NuMat’s lease provides a major point of validation for the project as IBT tries to attract tenants to a location that is unproven as a business destination and lacks access to public transportation. While developers of new lab buildings in the trendy Fulton Market District or Lincoln Yards seek tenants who want research space with the amenities of modern office buildings, NuMat is moving into a neighborhood that rarely attracts such companies, and the building is considered an outsider in the search for such science-focused tenants. The company’s move could help attract other similar tenants to the terminal and provide a strong boost to Mayor Lori Lightfoot’s efforts to promote economic development and jobs in rundown neighborhoods on the city’s south and west sides.
It’s unclear what prompted NuMat to expand and relocate its space, and NuMat and Terminal spokespeople declined to comment on the deal. NuMat follows the lead of quantum computing startup EeroQ, which signed a small lease in late 2021 to become Terminal’s first tenant. At the time, EeroQ touted the stability of the buildings—which were a dilapidated 250,000-square-foot cluster of former locomotive headlight factories when IBT and Mansueto bought them in 2020—and their isolation from outside noise as key features that made them well-suited for Research.
NuMat is expected to build office, research and manufacturing operations at the terminal, sources familiar with the plan said.
NuMat was co-founded in 2013 by Northwestern graduate Ben Hernandez and University chemistry professor Omar Farha. The company won high-profile contracts during its first few years with customers including the US Department of Defense and Versum Materials, which makes specialty gases and chemicals for the production of computer chips. One of NuMat’s most notable inventions is atomic-scale sponges, which can store gases or separate them more efficiently than current methods that typically involve compressing or dramatically cooling the gases.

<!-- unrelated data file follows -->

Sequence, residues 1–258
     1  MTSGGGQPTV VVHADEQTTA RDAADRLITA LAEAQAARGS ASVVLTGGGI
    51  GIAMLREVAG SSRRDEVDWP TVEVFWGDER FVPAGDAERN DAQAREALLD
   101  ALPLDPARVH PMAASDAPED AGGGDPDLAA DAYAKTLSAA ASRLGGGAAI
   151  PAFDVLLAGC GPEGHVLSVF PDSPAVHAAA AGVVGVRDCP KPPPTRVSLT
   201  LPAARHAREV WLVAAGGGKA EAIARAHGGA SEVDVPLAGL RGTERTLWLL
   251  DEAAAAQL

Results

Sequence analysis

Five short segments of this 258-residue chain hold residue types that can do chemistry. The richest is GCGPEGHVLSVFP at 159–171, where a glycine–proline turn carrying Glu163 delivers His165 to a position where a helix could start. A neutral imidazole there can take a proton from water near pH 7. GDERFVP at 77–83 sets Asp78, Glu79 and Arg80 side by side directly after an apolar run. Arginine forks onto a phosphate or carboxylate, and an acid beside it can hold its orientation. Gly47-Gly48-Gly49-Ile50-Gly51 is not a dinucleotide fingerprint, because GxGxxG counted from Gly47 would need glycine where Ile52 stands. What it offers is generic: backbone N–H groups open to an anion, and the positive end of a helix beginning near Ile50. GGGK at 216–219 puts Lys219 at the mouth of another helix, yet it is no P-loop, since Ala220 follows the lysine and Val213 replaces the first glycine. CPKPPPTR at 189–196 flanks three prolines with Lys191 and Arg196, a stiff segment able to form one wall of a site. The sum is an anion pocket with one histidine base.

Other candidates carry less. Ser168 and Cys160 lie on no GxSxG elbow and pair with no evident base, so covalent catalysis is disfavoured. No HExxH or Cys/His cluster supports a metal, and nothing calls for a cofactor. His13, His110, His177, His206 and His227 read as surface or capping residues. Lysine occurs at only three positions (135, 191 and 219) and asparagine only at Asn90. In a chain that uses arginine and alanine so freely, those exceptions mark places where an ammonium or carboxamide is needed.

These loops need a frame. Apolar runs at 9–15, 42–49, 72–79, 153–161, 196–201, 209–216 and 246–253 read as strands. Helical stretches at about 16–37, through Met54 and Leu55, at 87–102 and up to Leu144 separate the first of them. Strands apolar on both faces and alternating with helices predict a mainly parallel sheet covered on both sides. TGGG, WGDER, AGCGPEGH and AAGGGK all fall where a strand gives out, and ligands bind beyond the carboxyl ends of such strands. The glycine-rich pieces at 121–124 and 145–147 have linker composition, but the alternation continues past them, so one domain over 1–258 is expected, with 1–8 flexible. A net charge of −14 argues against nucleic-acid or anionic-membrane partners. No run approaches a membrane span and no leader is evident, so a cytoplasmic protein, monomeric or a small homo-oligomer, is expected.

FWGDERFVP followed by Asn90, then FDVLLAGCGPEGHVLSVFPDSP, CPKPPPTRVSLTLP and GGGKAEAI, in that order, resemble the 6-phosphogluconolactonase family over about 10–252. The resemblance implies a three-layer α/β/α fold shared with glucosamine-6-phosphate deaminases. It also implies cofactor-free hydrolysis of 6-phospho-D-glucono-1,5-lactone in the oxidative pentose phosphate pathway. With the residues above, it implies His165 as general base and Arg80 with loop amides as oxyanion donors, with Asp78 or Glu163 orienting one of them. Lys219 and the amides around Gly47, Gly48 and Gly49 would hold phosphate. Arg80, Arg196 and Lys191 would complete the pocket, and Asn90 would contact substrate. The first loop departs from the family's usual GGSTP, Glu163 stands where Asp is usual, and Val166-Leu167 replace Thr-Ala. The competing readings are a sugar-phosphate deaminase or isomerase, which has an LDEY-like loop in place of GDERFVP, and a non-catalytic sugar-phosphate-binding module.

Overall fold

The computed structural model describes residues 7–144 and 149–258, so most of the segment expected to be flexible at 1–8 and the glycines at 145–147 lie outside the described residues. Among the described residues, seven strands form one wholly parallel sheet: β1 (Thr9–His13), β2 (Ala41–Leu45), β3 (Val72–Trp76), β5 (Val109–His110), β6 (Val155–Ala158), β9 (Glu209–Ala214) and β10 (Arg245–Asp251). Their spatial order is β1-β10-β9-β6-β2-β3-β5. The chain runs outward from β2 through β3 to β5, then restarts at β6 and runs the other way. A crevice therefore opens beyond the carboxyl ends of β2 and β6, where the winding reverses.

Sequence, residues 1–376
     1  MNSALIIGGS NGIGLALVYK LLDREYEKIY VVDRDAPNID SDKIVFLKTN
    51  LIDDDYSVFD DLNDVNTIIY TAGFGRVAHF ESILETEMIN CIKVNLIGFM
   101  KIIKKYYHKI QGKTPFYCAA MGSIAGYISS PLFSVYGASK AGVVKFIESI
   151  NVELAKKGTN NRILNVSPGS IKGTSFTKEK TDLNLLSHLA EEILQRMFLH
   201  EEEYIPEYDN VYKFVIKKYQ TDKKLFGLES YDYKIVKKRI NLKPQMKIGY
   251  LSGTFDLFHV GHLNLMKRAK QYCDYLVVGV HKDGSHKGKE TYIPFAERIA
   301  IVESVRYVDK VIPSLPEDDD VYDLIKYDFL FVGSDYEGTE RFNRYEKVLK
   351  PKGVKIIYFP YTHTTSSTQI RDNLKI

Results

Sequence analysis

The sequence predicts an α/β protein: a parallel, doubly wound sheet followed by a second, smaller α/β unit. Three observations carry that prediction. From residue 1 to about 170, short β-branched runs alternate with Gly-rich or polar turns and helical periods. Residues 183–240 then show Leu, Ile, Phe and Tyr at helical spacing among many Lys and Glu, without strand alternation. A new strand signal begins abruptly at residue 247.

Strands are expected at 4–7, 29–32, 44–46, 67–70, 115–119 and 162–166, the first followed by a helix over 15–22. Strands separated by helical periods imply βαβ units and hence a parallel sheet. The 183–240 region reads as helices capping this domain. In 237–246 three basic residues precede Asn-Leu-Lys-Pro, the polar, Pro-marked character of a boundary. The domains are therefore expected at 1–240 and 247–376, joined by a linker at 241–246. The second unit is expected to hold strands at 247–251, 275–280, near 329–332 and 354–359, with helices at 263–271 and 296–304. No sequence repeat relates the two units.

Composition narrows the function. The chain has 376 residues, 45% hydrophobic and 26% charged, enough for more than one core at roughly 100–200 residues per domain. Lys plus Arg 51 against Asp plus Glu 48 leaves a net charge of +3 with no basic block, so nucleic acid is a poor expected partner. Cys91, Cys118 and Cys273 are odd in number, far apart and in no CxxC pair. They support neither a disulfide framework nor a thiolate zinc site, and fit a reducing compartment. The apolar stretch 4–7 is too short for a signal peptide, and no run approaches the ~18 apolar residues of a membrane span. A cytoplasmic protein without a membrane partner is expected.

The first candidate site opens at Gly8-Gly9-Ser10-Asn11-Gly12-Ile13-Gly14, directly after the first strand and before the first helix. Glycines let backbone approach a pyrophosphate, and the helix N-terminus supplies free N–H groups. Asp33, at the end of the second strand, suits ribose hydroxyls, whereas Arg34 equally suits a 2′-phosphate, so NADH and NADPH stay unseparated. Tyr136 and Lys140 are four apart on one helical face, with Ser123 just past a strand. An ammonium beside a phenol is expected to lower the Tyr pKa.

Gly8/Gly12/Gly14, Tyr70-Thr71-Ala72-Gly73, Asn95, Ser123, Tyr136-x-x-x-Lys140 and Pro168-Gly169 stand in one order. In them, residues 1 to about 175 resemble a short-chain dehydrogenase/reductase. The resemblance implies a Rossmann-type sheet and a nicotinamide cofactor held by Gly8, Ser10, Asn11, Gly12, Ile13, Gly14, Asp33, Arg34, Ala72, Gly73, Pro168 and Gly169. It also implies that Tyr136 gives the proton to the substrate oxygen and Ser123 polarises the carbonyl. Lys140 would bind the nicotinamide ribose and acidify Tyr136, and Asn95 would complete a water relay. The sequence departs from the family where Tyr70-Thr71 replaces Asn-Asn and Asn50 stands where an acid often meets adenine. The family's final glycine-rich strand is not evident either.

Hernandez — now the company’s CEO — told Crain’s in 2018 that NuMat had raised $12.4 million to continue the research, bringing its total capital backing to $20 million at the time. He also said NuMat plans to grow from 20 to 30 employees by mid-2019. The company today has more than 50 people listed on the staff page of its website and has seven open job postings.
NuMat’s ongoing departure from the ISTP campus in Skokie creates a new leasing challenge for Chicago-based Singerman Real Estate, which in October 2021 paid more than $75 million for the adjacent lab buildings at 8025 and 8045 Lamon Ave. The buildings were a combined 81% leased at that time.
Singerman chairman and managing partner Seth Singerman praised NuMat as a “good tenant” at ISTP and said its buildings have “really good prospects from both our existing tenants and new tenants” as the company spends money renovating common areas and building infrastructure .
The ISTP campus is also about to get its first hotel as Chicago-based E&M Strategic Development is building a 143-room Homewood Suites that is slated to open by the end of this year.
CBRE Executive Vice President David Saad negotiated the terminal lease on behalf of NuMat. Doug Hayes and Zach Pruitt of Cawley Chicago oversee leasing at the property.